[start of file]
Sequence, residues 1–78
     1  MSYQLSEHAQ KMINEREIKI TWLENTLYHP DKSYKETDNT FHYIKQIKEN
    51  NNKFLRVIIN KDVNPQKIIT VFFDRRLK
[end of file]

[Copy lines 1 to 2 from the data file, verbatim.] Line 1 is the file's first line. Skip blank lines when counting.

Sequence, residues 1–78
     1  MSYQLSEHAQ KMINEREIKI TWLENTLYHP DKSYKETDNT FHYIKQIKEN